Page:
Decided and Entered: June 3, 2004.
Appeals (1) from an order of the Supreme Court (Relihan Jr., J.), entered January 27, 2003 in Broome County, which denied a motion by defendant White-Bonn, Inc. to dismiss the complaint against it, and (2) from an order of said court, entered November 6, 2003 in Broome County, which, inter alia, denied said defendant's motion for partial summary judgment.
Law Offices of Laurie G. Ogden, Syracuse (P. David Twichell of counsel), for appellant.
Hinman, Howard Kattell, Binghamton (Paul T. Sheppard of counsel), for respondents.
Before: Cardona, P.J., Crew III, Mugglin, Rose and Lahtinen, JJ.
MEMORANDUM AND ORDER
Defendant White-Bonn, Inc. (hereinafter defendant) was hired by the State of New York to rehabilitate a state office building in the City of Binghamton, Broome County. Plaintiff Joel Walter (hereinafter plaintiff), a project construction inspector, was injured when he tripped on debris and fell. Plaintiffs instituted two actions, one against the State in the Court of Claims, and this one in Supreme Court against defendant and others, each based upon alleged violations of Labor Law §§ 200 and 241 (6). At a bifurcated trial in the Court of Claims, liability was established against the State, the comparative negligence being apportioned 50% to plaintiff and 50% to the State. Subsequently, the issue of damages in the Court of Claims action was settled. In this action in Supreme Court, defendant sought dismissal of the complaint on collateral estoppel grounds, arguing that 100% of the liability had already been apportioned in the Court of Claims. Following denial of this motion, defendant sought partial summary judgment determining that plaintiff's comparative fault established in the Court of Claims action must be at least 50% in the present action. This motion was also denied by Supreme Court and defendant appeals from both orders.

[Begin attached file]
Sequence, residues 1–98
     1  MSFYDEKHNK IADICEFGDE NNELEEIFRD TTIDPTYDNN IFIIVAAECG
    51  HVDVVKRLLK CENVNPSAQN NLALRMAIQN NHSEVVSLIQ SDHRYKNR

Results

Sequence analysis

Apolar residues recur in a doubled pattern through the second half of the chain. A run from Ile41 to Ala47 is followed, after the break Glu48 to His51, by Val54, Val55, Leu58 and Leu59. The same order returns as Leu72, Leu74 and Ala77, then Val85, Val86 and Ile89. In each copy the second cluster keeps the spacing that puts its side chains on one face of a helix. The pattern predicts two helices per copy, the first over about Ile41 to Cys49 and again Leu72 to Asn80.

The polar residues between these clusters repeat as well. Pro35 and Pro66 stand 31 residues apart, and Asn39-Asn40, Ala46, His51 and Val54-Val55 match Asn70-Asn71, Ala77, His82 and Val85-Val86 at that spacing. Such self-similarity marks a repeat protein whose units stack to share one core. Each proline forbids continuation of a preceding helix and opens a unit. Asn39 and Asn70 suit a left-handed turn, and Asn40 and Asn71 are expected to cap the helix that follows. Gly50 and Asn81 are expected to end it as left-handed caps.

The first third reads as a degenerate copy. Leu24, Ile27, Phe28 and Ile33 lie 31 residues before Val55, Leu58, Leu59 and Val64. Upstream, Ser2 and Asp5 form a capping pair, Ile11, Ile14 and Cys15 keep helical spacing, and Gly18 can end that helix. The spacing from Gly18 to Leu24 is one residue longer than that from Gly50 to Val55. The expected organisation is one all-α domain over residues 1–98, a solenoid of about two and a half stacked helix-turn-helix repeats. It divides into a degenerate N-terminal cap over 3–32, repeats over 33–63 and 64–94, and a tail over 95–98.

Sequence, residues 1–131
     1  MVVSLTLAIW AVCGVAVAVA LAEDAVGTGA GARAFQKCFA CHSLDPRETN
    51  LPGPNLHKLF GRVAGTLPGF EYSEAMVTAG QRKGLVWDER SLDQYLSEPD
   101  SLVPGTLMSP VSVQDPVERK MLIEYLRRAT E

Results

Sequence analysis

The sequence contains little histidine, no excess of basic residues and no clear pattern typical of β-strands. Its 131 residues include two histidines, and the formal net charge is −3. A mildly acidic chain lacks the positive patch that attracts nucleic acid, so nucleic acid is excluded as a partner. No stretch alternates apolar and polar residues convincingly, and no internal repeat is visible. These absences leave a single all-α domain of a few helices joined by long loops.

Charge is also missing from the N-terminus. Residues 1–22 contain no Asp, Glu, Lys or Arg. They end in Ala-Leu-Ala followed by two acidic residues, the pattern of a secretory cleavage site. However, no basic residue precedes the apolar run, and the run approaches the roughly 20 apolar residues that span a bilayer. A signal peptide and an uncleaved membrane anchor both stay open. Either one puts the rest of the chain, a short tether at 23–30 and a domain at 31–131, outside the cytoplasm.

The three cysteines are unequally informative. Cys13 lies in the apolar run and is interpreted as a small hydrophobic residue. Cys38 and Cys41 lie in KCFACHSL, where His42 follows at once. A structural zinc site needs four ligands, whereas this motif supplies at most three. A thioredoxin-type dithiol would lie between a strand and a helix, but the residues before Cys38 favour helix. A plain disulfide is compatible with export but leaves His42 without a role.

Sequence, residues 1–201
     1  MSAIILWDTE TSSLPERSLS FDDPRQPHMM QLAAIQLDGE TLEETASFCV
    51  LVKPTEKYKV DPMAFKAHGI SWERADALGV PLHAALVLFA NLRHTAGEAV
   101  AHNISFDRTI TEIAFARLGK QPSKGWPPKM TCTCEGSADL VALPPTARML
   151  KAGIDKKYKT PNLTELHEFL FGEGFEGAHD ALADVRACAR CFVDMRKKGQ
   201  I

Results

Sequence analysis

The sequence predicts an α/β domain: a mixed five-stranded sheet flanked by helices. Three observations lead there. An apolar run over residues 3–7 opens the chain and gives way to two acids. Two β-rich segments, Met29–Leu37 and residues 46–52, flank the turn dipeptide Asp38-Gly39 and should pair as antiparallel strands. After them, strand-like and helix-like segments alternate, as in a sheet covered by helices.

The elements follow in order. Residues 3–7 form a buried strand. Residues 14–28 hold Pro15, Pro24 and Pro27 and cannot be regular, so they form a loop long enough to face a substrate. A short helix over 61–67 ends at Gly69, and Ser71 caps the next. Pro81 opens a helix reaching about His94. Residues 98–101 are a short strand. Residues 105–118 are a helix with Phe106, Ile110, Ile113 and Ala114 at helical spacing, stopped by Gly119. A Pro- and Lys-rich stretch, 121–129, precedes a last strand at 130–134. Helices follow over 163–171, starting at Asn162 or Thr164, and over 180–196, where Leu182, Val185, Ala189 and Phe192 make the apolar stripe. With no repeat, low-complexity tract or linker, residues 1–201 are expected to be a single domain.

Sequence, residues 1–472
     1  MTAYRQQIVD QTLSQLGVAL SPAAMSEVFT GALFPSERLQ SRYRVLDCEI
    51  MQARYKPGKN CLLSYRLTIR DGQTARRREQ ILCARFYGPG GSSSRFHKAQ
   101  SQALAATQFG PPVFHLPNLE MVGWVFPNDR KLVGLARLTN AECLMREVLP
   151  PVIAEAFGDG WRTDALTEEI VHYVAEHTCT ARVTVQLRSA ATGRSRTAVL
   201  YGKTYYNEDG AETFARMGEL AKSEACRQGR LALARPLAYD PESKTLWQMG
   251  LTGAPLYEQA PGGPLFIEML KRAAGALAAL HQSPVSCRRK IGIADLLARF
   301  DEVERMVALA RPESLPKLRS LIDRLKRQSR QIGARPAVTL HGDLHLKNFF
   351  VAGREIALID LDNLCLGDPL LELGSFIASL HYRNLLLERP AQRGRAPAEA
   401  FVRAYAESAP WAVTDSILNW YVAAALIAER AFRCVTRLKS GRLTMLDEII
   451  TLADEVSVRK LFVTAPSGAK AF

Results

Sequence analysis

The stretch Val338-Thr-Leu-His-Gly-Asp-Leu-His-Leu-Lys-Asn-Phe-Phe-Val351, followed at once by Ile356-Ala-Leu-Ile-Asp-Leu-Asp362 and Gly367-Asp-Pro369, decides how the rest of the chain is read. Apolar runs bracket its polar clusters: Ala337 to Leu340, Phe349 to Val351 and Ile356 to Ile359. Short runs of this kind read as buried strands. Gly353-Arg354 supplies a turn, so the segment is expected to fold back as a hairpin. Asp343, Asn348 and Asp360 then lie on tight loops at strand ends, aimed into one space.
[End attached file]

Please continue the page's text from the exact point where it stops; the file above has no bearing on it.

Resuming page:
In affirming, we first note that although the Court of Claims liability judgment was interlocutory only, it was sufficiently final to have preclusive effect on all issues fully litigated (compare Morley v. Quinones, 208 A.D.2d 813). Generally, "[t]he litigant seeking the benefit of collateral estoppel must demonstrate that the decisive issue was necessarily decided in the prior action against a party, or one in privity with a party" (Buechel v. Bain, 97 N.Y.2d 295, 304, cert denied 535 U.S. 1096). On the other hand, "[t]he party to be precluded from relitigating the issue bears the burden of demonstrating the absence of a full and fair opportunity to contest the prior determination" (id. at 304).
Defendant could not have been sued in the Court of Claims and, contrary to its assertion, the negligence of the State is not equal to that of defendant. There are two discrete components to the State's liability, the State's negligence in failing to actively oversee the project and, as owner of the building, its vicarious liability for defendant's negligent maintenance of the worksite. The Court of Claims decision assesses liability to the State only for its own negligence. Defendant's alleged negligence may have been a comparatively more substantial factor in causing plaintiff's injuries (see e.g. Finnigan v. Rochester Inst. of Tech., 2 A.D.3d 1275). Therefore, plaintiff's comparative liability with regard to the State and with regard to defendant are discrete and separate issues (see O'Connor v. State of New York, 70 N.Y.2d 914, 915-916). Moreover, the comparative fault between plaintiff and defendant was not germane to the Court of Claims action, so plaintiffs had no full and fair opportunity to litigate the issue and, therefore, issue preclusion does not apply (see Gillespie v. Flight Line Pub, 2 A.D.3d 1014, 1015). Therefore, the prior decision of the Court of Claims has no preclusive effect on the issue of comparative fault as between plaintiff and defendant in this action.
Cardona, P.J., Crew III, Rose and Lahtinen, JJ., concur.
ORDERED that the orders are affirmed, with costs.